Thailand Customs and Traditions: How to Behave?
As any old Eastern country, Thailand has many customs and traditions. Some of them can seem strange to you, since we, Western people, are not used to such things; but if you don’t want to hurt anyone’s feelings with your actions, you should be extremely cautious in what you say and do. It would be even better to monitor the behavior of the Thai people and repeat their actions, especially if you’re not sure your own actions are correct.
If you’re going to visit Thailand for the first time, this article about Thailand customs and traditions can help you learn how you should behave there.
First of all, you should learn the Thai greeting, which is called “wai.” Press your palms together (as if you’re going to pray) and bow. But it’s not as easy as it can seem to be, since it’s very important to know where you should hold your pressed palms during the bow – their position reflects your social status and your attitude towards the person you’re going to greet: The higher you hold your hands, the lower you bow and the longer you remain bowed, the more respect you show towards the person.
You shouldn’t return “wai” to children and staff, so be careful, don’t bow just to anyone. By the way, “wai” isn’t just a way to greet people, it’s also a common way to thank or apologize. It would also be interesting for you to know that the Thai people don’t always greet each other with “wai.” Sometimes they just use the universal “Hello,” so it’s OK if you use that way to greet someone, too. Just don’t shake hands, they don’t like it.
For the Thai people the head is perhaps the most important part of the body, since they believe that the spirit that guards the human life is located there. So you should never, never try to touch the head of the Thai, even if you think it’s a friendly gesture. Don’t touch or stroke children’s heads, too – it’s considered to be a big insult. Don’t touch or pat on the shoulder of a Thai, too. And in general, try not to touch them at all.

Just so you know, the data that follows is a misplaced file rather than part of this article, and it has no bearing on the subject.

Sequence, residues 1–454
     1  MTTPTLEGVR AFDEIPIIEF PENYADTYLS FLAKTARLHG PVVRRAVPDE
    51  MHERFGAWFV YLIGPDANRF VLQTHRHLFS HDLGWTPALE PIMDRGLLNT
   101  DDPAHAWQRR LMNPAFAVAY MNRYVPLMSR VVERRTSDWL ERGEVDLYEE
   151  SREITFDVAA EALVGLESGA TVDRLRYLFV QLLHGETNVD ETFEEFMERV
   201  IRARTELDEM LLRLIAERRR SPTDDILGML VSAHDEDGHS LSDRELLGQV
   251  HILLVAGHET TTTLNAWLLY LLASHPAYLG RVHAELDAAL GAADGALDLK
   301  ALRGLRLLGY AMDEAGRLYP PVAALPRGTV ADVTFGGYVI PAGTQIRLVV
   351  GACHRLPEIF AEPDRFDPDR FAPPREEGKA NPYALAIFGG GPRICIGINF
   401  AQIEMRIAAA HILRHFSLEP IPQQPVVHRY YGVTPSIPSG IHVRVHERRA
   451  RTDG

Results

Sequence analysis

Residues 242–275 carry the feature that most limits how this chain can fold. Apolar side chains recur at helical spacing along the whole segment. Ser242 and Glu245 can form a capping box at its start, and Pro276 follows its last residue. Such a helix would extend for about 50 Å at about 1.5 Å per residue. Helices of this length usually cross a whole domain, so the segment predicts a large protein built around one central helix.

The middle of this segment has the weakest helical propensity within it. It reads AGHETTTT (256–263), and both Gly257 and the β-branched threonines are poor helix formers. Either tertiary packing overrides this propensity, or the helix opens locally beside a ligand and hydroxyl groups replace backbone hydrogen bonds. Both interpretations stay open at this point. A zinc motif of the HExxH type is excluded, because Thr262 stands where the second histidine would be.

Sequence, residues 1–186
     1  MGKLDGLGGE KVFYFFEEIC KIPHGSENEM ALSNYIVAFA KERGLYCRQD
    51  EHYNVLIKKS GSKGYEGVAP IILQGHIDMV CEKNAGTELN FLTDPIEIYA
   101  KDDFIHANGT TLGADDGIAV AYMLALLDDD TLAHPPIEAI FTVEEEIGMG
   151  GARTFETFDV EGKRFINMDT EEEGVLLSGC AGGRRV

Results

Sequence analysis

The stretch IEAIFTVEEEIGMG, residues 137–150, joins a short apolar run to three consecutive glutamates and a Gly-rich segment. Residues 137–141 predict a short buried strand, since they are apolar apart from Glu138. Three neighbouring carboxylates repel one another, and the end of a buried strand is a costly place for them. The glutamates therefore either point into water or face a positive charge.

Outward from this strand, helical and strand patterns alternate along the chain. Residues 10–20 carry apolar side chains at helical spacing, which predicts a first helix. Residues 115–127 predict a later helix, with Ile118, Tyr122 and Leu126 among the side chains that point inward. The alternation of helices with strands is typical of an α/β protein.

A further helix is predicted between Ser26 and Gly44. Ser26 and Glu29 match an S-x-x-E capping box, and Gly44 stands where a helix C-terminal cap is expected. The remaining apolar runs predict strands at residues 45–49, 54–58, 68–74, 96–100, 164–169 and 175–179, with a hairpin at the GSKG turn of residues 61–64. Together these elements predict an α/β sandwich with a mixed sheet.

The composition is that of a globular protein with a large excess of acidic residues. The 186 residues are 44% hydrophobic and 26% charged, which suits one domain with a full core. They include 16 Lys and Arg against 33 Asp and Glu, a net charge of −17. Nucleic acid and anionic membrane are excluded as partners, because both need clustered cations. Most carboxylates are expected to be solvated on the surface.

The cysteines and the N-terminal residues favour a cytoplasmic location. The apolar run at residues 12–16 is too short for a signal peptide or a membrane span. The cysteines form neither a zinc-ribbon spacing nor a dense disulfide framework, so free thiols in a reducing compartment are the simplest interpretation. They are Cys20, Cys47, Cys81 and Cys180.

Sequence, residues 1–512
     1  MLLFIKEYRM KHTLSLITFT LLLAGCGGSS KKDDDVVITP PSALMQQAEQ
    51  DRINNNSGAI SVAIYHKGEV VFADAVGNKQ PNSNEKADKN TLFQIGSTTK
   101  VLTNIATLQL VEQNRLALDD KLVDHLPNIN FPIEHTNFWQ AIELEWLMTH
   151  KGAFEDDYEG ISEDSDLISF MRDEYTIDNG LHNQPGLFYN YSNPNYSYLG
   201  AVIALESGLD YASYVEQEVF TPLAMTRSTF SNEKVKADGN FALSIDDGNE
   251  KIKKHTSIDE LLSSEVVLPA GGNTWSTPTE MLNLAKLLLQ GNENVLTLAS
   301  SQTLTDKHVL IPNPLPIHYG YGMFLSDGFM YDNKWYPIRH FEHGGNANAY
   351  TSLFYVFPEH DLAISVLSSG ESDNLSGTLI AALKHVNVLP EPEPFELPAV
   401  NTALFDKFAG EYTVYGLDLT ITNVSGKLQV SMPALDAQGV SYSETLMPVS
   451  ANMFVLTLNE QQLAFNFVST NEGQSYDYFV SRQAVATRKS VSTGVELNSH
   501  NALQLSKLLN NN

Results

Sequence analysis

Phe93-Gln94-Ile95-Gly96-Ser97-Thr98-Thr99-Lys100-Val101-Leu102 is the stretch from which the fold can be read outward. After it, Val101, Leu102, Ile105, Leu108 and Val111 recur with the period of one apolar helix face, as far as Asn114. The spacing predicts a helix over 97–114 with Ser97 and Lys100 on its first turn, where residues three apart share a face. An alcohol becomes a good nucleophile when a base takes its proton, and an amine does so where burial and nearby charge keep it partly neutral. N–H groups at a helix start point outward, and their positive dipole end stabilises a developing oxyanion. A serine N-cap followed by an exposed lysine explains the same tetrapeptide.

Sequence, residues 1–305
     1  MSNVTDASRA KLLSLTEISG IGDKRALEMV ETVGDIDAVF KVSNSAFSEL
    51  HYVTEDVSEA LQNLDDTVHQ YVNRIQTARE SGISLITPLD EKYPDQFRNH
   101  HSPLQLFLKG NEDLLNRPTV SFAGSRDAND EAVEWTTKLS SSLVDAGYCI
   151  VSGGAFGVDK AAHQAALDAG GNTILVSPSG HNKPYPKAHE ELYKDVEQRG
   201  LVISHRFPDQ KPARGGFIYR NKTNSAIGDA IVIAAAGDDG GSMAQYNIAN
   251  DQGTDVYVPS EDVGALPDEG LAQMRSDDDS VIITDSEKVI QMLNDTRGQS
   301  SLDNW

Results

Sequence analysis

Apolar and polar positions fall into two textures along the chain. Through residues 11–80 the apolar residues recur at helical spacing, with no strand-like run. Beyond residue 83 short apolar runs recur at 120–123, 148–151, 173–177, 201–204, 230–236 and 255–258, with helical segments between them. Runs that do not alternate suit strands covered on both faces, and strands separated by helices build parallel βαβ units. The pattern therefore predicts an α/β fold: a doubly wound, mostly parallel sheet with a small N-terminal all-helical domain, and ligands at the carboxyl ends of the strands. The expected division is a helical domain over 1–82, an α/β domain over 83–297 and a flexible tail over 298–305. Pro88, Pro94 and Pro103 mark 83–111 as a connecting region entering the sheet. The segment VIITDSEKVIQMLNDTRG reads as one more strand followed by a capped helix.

Don’t sit in front of the Thai people with your legs crossed (as Buddha sits). It’s also considered to be very rude if you indicate a person or an object with your foot. Besides, try not to speak loudly or express anger openly. Speak softly and in a low voice, always remain calm and smile – and you’ll always be welcomed and respected.
Also be very respectful towards the Thai religion and the monarchy. The Thai people love their monarch and his family, so never speak of them disrespectfully or ironically. The private life of monarchs should never be discussed, too.
If you’re going to visit a Buddhist temple, you should be dressed appropriate (no shorts, no mini skirts, no thongs or sandals). If necessary, you’ll be given a special blanket to cover yourself though.
There is one more thing you should know about Thailand customs and traditions: It’s strictly forbidden to conduct photo or video shooting inside temples or near military installations. If you want to take a photo of a Thai, ask his/her permission first. And don’t forget to remove your shoes before entering the temple. Women shouldn’t touch the monks, take or give them anything, and if you’re a woman, you better remember this little “rule,” too.